Guest Blog: Rhode Island Hospital Joins Growing Group Offering Fellowships in Addiction Medicine | Center on Addiction

Guest Blog: Rhode Island Hospital Joins Growing Group Offering Fellowships in Addiction Medicine

Guest Blog: Rhode Island Hospital Joins Growing Group Offering Fellowships in Addiction Medicine


In March, Providence’s Rhode Island Hospital announced the launch of a fellowship program in addiction medicine, joining the ranks of 26 other fellowship programs accredited by the American Board of Addiction Medicine Foundation (ABAMF). It is the first of its kind for the state of Rhode Island.

Addiction medicine is an emerging area of medical specialty care that focuses on prevention and early intervention for risky substance use and diagnosis, treatment and management of addiction. For a state that’s relatively small in size and population, yet large in rates of substance use and fatalities related to alcohol and other drug poisonings and overdoses, this comes as a welcome and much appreciated announcement.

But Rhode Island is not alone in its need for trained addiction medicine physicians. As CASAColumbia’s research has shown, addiction is a complex disease. At least 16 percent of the population (40 million people) — more than those with heart disease, cancer or diabetes — have substance use problems. Another 80 million engage in substance use in ways that increase their chances of negative health and social consequences. Yet unlike these other diseases, very few are screened for risky use and only about 10 percent of those in need of treatment receive it. Effective prevention and treatment approaches can and should be provided within medicine and it is the mission of the ABAMF to do just that.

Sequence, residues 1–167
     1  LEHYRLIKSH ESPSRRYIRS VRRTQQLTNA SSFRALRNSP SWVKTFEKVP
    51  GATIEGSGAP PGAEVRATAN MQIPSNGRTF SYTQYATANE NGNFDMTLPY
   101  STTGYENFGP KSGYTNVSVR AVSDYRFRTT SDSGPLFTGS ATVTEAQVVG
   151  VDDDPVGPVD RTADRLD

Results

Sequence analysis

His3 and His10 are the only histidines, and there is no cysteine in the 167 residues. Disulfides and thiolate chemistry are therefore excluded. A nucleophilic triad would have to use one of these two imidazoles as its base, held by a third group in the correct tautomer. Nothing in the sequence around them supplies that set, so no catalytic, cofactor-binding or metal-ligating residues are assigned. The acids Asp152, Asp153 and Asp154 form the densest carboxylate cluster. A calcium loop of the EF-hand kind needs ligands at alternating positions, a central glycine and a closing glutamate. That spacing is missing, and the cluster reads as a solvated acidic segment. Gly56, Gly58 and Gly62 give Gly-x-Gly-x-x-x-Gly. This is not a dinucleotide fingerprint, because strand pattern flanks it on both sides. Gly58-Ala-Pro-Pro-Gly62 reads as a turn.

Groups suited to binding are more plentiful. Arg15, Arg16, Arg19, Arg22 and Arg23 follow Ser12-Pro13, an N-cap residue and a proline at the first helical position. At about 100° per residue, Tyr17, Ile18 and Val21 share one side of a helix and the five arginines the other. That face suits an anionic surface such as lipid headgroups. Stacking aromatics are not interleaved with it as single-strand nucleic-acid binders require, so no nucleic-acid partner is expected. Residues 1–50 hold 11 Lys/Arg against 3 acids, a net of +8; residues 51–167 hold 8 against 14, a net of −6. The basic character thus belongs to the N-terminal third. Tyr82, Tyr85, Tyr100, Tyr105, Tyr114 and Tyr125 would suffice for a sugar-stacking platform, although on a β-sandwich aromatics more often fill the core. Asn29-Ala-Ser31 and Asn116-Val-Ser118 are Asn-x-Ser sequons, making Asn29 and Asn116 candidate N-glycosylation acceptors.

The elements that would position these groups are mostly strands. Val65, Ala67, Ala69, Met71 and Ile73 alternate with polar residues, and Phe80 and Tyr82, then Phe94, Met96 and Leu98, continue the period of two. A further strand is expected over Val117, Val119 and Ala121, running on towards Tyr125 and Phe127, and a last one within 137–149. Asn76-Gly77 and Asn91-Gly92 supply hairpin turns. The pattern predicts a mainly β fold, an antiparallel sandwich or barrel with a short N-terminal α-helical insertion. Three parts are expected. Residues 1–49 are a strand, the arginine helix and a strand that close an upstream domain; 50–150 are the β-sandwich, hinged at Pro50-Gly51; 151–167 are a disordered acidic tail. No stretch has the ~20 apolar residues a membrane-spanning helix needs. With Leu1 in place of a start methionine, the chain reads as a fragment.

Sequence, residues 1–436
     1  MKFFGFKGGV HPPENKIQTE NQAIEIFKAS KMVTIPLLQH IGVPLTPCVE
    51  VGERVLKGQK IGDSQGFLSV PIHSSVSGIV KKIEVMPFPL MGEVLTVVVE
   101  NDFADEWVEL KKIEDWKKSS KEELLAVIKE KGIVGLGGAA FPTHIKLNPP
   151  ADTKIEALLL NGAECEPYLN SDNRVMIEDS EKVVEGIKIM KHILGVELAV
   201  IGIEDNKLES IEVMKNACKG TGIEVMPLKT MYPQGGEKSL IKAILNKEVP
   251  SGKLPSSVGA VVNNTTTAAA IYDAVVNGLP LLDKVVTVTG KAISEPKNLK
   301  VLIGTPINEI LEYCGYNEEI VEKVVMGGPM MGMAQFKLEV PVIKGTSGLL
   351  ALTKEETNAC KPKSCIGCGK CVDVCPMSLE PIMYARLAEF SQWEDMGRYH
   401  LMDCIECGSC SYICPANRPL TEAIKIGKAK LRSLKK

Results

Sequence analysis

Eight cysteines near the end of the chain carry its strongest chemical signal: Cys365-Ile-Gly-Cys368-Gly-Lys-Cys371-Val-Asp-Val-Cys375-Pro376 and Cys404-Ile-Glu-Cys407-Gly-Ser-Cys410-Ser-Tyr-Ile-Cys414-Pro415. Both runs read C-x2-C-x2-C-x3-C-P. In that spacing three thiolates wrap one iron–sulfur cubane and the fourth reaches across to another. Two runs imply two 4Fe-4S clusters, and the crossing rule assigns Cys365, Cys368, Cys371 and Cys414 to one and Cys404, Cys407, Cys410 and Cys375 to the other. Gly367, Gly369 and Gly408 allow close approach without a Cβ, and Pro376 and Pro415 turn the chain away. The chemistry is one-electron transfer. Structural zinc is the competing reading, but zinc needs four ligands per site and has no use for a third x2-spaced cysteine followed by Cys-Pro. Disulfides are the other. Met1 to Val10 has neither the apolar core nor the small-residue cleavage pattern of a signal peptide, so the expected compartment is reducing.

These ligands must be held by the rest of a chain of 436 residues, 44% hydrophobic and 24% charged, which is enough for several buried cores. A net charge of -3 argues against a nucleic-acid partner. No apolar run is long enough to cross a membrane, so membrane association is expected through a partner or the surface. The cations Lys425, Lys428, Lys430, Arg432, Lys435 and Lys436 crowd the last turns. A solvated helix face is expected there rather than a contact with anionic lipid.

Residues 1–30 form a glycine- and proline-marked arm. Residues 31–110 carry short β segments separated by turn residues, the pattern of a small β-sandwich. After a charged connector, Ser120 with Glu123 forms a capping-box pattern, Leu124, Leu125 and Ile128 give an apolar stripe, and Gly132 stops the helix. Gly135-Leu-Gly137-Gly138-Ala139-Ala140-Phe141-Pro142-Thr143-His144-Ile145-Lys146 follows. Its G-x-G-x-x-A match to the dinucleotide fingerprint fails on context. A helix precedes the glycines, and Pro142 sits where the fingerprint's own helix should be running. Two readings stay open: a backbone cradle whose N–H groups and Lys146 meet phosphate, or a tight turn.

Addiction medicine fellowship programs currently exist in 18 states and two Canadian provinces. Plans are underway to establish 65 fellowship programs by 2020, and eventually to establish a fellowship program or department of addiction medicine in every medical school in the country. The only other addiction-related fellowship training is addiction psychiatry, which is only available to psychiatrists. In February, the American Board of Preventive Medicine began the formal process to bring addiction medicine into the American Board of Medical Specialties (ABMS) as a sub-specialty available to diplomates of all ABMS boards.

Fellowship programs in addiction medicine train their fellows to be skilled clinicians, educators and change agents within medicine. Of special importance is the fact that addiction is in most cases a disease with origins in childhood and adolescence. The objective of ABAMF’s work is to assure that prevention, early intervention, treatment and management of risky substance use and addiction will be available at all points of entry to the health care system — from physicians’ offices to hospitals and community clinics.

These programs fill a tremendous gap in care and help foster a more integrative health care system for patients and providers alike. The decision made by Rhode Island Hospital to create an addiction medicine fellowship deserves enthusiastic support from professionals in the addiction and health care fields and should be broadly replicated.

If you are interested in building an addiction medicine fellowship program in your area, please contact:

Susan E. Foster
Executive Director
The National Center for Physician Training in Addiction Medicine
The American Board of Addiction Medicine Foundation

Susan E. Foster previously served as Vice President and Director of Policy Research and Analysis at CASAColumbia.


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